Bloomington, Indiana (January 22, 2013) – A new economic impact report published today by BioCrossroads and the Indiana Business Research Center (IBRC) proves Indiana’s life sciences industry is among the strongest nationally and is growing. Among other findings, the report finds that Indiana’s life sciences industry has a workforce of 55,000 people at nearly 2,000 companies which results in a $50 billion total impact on the state’s economy.
The IBRC at the Indiana University Kelley School of Business and BioCrossroads, Indiana’s initiative for investment, development and advancement of the state’s signature life sciences strengths, collaborated to produce the updated economic impact on Indiana’s diverse life sciences industry.
Indiana ranked among the top five states in the life sciences industry based on highest employee number, highest concentration of employees and highest number of companies. Other key findings:
· Indiana’s life sciences exports totaled $9.3 billion, ranking as the third highest in the United States, behind only California and Texas.
· There were 489 patent filings for life sciences-related innovations in 2011 and 173 new products approved by the U.S. Food and Drug Administration.
“These statistics just continue to get better for us, and demonstrate across the board that the life sciences are a robust industry and a valuable driver of Indiana’s economic growth. It is imperative that we continue the momentum, and BioCrossroads has several initiatives in progress to capitalize on our unique strengths,” said David L. Johnson, president and CEO of BioCrossroads. “These data elevate Indiana to the same company as America’s other world-renowned centers of healthcare innovation: Massachusetts, California, North Carolina and New Jersey.” Other key findings:
· Indiana’s life sciences venture capital investments rose in 2012 to $64.7 million.
· The average annual wage for a life sciences worker is now $88,504, compared to $40,272 for the average private sector wage.
· Indiana life sciences workers earn nearly $5 billion in annual wages.
The Bloomington metropolitan area continues to play an important role in Indiana’s life sciences economy as home to the global headquarters for Cook Medical, to major operations for Boston Scientific and Baxter BioPharma Solutions, and to numerous small pharmaceutical, device and R&D employers.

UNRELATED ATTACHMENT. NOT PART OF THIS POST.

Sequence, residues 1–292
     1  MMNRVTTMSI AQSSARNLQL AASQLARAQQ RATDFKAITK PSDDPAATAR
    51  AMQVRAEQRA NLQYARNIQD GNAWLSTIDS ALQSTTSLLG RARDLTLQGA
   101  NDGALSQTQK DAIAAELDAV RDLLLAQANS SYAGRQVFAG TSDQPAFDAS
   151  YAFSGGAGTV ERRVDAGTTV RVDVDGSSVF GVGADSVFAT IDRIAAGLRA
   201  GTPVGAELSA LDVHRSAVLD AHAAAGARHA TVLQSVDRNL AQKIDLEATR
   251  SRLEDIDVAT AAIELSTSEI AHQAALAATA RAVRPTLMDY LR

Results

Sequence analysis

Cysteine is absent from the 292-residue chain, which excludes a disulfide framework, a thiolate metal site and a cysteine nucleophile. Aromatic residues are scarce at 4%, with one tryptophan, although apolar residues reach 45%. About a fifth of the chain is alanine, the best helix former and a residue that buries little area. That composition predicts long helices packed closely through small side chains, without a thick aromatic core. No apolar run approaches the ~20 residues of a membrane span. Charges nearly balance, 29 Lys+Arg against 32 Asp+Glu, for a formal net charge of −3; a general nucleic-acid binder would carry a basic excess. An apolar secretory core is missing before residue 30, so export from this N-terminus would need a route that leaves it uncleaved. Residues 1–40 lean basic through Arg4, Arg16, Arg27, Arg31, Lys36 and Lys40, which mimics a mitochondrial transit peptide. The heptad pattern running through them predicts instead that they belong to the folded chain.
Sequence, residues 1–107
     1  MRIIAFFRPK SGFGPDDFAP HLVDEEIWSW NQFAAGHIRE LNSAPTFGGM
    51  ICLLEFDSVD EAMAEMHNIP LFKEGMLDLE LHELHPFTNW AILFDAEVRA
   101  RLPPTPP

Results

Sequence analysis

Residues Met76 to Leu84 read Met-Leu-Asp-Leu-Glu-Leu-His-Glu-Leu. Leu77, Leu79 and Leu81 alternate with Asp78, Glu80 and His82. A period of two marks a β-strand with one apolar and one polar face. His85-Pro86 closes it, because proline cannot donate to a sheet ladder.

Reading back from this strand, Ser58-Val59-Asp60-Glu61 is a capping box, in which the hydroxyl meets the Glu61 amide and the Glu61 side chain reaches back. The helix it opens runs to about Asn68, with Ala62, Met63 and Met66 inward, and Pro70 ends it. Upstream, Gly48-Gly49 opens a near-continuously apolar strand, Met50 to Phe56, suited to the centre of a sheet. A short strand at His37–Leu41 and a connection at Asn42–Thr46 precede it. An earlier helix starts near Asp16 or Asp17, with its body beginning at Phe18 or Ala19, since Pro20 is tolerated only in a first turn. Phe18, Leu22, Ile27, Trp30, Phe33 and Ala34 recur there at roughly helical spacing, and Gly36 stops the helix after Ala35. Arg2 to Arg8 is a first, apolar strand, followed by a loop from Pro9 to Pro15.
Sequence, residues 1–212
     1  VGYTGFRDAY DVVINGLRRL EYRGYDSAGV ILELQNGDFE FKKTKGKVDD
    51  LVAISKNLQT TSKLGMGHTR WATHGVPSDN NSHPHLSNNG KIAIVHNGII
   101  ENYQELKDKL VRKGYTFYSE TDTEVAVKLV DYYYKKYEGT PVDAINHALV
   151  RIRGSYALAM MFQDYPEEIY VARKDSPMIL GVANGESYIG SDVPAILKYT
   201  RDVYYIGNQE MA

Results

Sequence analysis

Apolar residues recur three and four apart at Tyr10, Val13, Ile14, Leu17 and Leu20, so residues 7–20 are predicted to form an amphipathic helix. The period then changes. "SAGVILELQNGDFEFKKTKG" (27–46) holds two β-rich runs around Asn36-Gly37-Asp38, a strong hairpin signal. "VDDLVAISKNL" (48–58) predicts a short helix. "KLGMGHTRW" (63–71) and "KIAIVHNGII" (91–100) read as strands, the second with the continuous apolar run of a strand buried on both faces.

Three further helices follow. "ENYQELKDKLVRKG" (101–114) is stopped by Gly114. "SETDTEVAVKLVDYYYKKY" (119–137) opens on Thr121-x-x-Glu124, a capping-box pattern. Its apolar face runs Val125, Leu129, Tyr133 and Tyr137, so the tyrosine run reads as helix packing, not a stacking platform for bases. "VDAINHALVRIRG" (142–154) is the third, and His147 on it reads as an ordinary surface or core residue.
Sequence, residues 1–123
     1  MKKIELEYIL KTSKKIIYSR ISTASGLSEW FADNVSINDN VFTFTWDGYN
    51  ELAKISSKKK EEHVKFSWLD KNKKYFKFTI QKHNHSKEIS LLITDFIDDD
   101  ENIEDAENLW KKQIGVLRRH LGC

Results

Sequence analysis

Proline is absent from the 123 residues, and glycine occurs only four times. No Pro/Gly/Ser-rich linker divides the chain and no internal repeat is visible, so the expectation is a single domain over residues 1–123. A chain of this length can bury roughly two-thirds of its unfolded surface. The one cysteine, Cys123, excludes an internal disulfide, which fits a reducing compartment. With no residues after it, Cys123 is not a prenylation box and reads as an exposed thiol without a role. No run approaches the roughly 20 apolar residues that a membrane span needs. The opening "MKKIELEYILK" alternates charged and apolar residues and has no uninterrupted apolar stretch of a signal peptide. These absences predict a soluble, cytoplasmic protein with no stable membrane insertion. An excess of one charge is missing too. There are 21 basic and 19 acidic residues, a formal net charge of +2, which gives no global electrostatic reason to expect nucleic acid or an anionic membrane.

“This data justifies our community’s support for our regional life sciences employers and the life sciences programs offered at Indiana University and Ivy Tech Community College – Bloomington,” stated Dana Palazzo, project manager with the Bloomington Life Sciences Partnership, an initiative managed by the Bloomington Economic Development Corporation to catalyze the life sciences industry growth in the Bloomington area. “The BioCrossroads report will affirm our 2013 efforts to support existing employers and implement programs to build a stronger talent pipeline for new and existing companies,” explained Palazzo.
BioCrossroads (www.biocrossroads.com) is Indiana’s initiative to grow, advance and invest in the life sciences, a public???private collaboration that supports the region’s existing research and corporate strengths while encouraging new business development. BioCrossroads provides money and support to life sciences businesses, launches new life sciences enterprises (Indiana Health Information Exchange, Fairbanks Institute for Healthy Communities, BioCrossroadsLINX, OrthoWorx and Datalys Center), expands collaboration and partnerships among Indiana’s life science institutions, promotes science education and markets Indiana’s life sciences industry.
The Bloomington Life Sciences Partnership (www.bloomingtonlifesciences.com), a program of the Bloomington Economic Development Corporation (BEDC), serves as the catalyst for life sciences business growth in the greater Bloomington area and is governed by an advisory council comprised of representatives from private industry, higher education and local government. The BEDC is a not-for-profit corporation dedicated to quality job growth and is funded through memberships and grants from private industry, the City of Bloomington, Indiana University and Ivy Tech Community College-Bloomington.
The BEDC is a not-for-profit, public-private partnership dedicated to the retention, development and attraction of quality jobs in Monroe County. The BEDC is led by a partnership of private industry leaders, the City of Bloomington, Monroe County, Indiana University and Ivy Tech Community College–Bloomington. For more information click here www.comparebloomington.us.